"Why is this woman culturally significant simply for having dated the President nearly three decades before he was the President? The answer might lie within society's sex obsession, its compulsion to privy increasingly deeper into the personal lives of prominent figures, and its gradual transformation into a gossip rag reality show. I, for one, was indeed guilty of hankering for the juicy details. Too bad there were none," wrote DANA JEANius.
Other Top News Stories on Blogs
The No. 3 story on blogs for the week was a piece bestselling author Stephen King wrote for The Daily Beast, scolding the super rich for not paying enough in taxes and warning of an apocalyptic scenario if inequality is not addressed.
The response on blogs was mixed. Some were supportive of the author's jump into a political forum.
"It seems to me Stephen King should start a political blog. I'd read it," wrote Steve Benen at The Maddow Blog.
But others had a dimmer view of King's sentiments.
"How the person that wrote this poorly researched piece of garbage Monday could in any way be related to the genius - yes, I said genius - that totally enthralled and captivated me with ‘11/22/63' boggles my mind," wrote Noel Sheppard on News Busters.
The other top stories on blogs last week were all tech related. The No. 1 story was news about search engine optimization.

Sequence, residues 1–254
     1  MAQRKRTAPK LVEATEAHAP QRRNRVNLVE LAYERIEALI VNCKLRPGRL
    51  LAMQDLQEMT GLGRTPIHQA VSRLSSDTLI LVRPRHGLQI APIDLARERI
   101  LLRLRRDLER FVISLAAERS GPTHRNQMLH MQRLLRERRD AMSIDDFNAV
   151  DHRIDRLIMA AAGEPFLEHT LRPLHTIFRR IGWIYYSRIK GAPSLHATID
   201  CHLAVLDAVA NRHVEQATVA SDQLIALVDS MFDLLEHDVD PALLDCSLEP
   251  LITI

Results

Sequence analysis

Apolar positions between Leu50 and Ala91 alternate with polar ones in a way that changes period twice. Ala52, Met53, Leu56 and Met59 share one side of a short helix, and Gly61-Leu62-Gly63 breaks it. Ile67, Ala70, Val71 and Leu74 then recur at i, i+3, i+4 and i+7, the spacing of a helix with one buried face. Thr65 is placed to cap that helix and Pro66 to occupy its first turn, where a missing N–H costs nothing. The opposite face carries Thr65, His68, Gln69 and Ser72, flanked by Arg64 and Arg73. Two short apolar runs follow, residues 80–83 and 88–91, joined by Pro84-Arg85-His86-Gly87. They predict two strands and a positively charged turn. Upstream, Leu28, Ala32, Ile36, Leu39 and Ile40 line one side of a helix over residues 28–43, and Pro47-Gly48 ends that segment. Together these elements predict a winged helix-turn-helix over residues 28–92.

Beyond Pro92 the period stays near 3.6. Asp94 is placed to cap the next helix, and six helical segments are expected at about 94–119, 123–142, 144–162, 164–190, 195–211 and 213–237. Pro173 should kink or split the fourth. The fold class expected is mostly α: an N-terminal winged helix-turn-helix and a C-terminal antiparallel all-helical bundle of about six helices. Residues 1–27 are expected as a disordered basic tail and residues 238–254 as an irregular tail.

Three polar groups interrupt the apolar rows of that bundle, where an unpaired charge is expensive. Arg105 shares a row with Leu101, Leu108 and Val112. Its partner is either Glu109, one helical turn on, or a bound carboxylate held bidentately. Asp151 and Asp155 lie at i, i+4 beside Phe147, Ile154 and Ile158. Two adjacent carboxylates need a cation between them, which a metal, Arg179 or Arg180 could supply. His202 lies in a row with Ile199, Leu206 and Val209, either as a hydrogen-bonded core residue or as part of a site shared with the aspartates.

Twitter remained a bastion of celebrity news last week, with tweets from a few pop musicians dominating the list of top subjects, which also included a movie preview.
And One Direction, another Twitter favorite boy band, came in fifth place with a photo of a creative clock, tweeted by one of the group members.
The No. 2 subject was two tweets from user ThisDopeKid, who tweets "deep posts" that seem aimed primarily at teenagers. Last week's included a photo about having strong feelings and another about cuddling.
The No. 4 subject was a movie trailer from the new Batman movie due out this summer, The Dark Knight Rises, starring Christian Bale as Batman and Anne Hathaway as Catwoman.
Anti-government protests in Kuala Lumpur, Malaysia dominated YouTube last week, accounting for three of the five most popular news-related videos. Thousands of people rallied on April 28 to demand electoral reforms ahead of national elections that could be held as early as June. The demonstration--which started out peacefully and was organized by the Coalition for Clean and Fair Elections-turned violent after protesters and police clashed in the Malaysian capital.